Last Sunday I spent my third day examining Bordeaux 2018, this time at Château Angélus in St Emilion. The grand vin here is very exciting. Angélus has wonderful perfume, great depth and is multi-layered. Brilliant wines have been made here by the de Boüard family in 2015 and 2016, but 2018 Château Angélus is certainly up there in quality with these vintages, if more in keeping with the style of the 2009 vintage. For me Carillon d’Angélus is a marvel. It is the most exciting Carillon I can remember tasting en primeur. The fruit is beautiful and the tannins are wonderfully refined.
Posts Tagged ‘Chateau La Fleur de Boüard’
Château Angélus has made vivid, beautiful wine in 2017. The property reports that only a small part of the vineyard was affected by the April frosts. The remaining fruit benefited from the consistent weather during flowering and the hot June spurred vine growth. The vitality of the wine owes its origins to the dry but coolish summer, which helped the grapes retain freshness and acidity, as well as bright aromas. The relatively precocious state of the vineyards unaffected by frost meant that the vintage was relatively early, somewhat encouraged by the rainy period in September. Carillon d’Angélus also looks impressive in 2017. Château Bellevue is wonderfully lush and deep, almost irresistible at present. Château Daugay is soft and forward. Certainly there is plenty of joy to be had here in 2017 across the range of wines owned and managed by the de Boüard family.
The best wines in Lalande de Pomerol in 2016 have really good succulence and texture. My picks? Jean-Luc Thunevin has produced another beauty at Domaine des Sabines [pictured left]. This wine shows remarkable consistency year to year. Hubert de Bouard has produced two terrific wines in La Fleur de Boüard and Le Plus de la Fleur de Boüard. The former is ravishing; the latter profound and concentrated. Château La Fleur St George, another de Boüard property, also looks good. Château Grand Ormeau, Château Jean de Gué, La Sergue, Château Saint-Jean de Lavaud and Château de Viaud all impressed at the Grand Cercle tastings. Château Siaurac and Château Tournefeuille, two well-regarded properties, also show promise. Siaurac was a little backward but nicely structured and Tournefeuille displayed plenty of joyful fruit.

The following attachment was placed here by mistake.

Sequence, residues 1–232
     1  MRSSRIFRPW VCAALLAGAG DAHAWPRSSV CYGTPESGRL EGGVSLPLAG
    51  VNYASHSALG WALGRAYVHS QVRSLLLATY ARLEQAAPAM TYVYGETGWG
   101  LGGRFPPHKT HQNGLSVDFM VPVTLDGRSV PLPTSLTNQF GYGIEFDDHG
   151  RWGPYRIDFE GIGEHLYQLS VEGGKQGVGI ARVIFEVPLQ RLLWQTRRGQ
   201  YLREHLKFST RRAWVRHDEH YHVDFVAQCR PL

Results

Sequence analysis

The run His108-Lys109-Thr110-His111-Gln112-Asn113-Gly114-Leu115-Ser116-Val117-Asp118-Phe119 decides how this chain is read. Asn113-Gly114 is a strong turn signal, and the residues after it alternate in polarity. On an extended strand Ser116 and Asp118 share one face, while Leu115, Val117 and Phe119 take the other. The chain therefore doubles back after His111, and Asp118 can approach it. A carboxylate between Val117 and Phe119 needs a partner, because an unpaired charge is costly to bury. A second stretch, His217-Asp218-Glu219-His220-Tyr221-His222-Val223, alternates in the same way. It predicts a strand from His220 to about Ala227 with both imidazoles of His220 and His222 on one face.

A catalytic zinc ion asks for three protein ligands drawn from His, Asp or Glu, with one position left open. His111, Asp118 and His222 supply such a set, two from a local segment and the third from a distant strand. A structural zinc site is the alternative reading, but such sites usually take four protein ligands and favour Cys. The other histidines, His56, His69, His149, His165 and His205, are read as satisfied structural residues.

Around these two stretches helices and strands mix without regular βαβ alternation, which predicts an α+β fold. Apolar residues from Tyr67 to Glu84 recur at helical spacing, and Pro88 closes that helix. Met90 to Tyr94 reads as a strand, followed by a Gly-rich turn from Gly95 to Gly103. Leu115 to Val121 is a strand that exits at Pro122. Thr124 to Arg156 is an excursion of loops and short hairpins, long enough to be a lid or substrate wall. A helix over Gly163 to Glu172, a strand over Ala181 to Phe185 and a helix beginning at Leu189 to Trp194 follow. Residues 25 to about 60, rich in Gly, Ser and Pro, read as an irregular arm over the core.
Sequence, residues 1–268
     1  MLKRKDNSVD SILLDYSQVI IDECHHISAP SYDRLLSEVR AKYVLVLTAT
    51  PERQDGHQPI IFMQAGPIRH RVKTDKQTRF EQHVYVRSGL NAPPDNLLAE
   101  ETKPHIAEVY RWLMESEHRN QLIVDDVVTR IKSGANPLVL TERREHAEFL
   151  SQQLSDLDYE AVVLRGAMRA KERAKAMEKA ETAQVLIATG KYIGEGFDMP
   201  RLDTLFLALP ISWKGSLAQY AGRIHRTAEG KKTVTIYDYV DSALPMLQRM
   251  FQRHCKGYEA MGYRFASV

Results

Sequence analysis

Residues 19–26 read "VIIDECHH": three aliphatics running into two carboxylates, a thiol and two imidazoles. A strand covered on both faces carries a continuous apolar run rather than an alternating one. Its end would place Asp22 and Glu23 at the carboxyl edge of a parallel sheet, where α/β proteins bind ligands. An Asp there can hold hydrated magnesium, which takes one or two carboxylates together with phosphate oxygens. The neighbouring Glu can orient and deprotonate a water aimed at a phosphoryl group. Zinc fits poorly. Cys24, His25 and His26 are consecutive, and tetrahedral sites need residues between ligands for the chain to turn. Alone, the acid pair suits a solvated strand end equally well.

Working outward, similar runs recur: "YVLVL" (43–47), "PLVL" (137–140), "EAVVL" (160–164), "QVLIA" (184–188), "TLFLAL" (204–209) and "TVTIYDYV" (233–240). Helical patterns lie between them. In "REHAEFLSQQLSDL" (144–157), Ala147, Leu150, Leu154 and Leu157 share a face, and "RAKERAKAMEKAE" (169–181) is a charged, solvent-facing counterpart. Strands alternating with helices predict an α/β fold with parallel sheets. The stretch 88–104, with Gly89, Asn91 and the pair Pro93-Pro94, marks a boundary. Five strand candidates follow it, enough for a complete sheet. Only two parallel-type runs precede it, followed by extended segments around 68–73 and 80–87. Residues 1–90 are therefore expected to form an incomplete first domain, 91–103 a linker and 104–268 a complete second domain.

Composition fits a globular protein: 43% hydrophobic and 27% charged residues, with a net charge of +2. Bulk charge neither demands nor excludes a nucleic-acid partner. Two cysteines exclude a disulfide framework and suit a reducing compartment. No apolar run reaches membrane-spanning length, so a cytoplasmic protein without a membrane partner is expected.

I spent a second day in St Emilion, starting at Château Pavie-Macquin to taste the range of wines that Nicolas Thienpont crafts as well as listening to a review of the climatological aspects of the vintage. It was an opportunity to hear Stéphane Derenoncourt discuss his thoughts on 2016 as a ‘miracle’ vintage. He sees it as the third in a trilogy of impressive vintages starting in 2014. Next up was Château Angélus to look at their stable of wines and discuss the vintage with Hubert de Boüard as well as examine the expanding range that he consults for. This gave me an opportunity to taste the first of a series of seriously impressive wines from the left bank in Pauillac and the Haut-Médoc. I then completed tastings at the Grand Cercle held at Château Montlabert. Here I assessed a dozen or so St Emilion Grand Cru Classés [generally exciting and homogeneous] as well as tasting more wines from the left bank appellations St Julien, Pauillac, Margaux and the Haut-Médoc. My overall feelings was how exciting this vintage is for both right and left bank, perhaps left especially.
Château La Fleur de Boüard and Le Plus de La Fleur de Boüard are excellent this year, amongst the most impressive wines yet from this estate owned by the family that run Château Angélus. Domaine des Sabines is ripe and creamy with plenty of extract and matter. While there is a lot to sink your teeth into there is a glossy polish to the wine that’s a trademark of anything Jean-Luc Thunevin has a hand in. By contrast, Château de Bel-Air is a Lalande de Pomerol from the JP Moueix stable. It is light and fresh with the emphasis on sappy fruit and bright acidity in 2015.
Day four on the primeurs trail saw me return to the right bank. There is no doubt that 2015 is at its most consistent and impressive in St Emilion. Arriving at Château Pavie, appropriately enough I thought in a Napa Valley-like fog, it was actually interesting to see how they had opted for comparatively modest extraction here this year. Yes there was substance and extract, but also composure across an exciting range. Pavie itself is genuinely impressive, as is Bellevue-Mondotte [quite ravishing], Pavie-Decesse and Monbousquet [much better than its 2014]. I was also struck by the quality of their Castillon, Clos Lunelles. Château Cheval Blanc was up next. Chalk and cheese of course with Pavie. There is wonderful beauty and elegance here in this 2015 offering from Cheval Blanc, which comes from its unique terrior that borders Pomerol. The wine reminds me of their 1985. Pierre Lurton is very excited by the quality. They are comparing to 2010 and 1998, in terms of the dry, yet cool maturity [more on this later].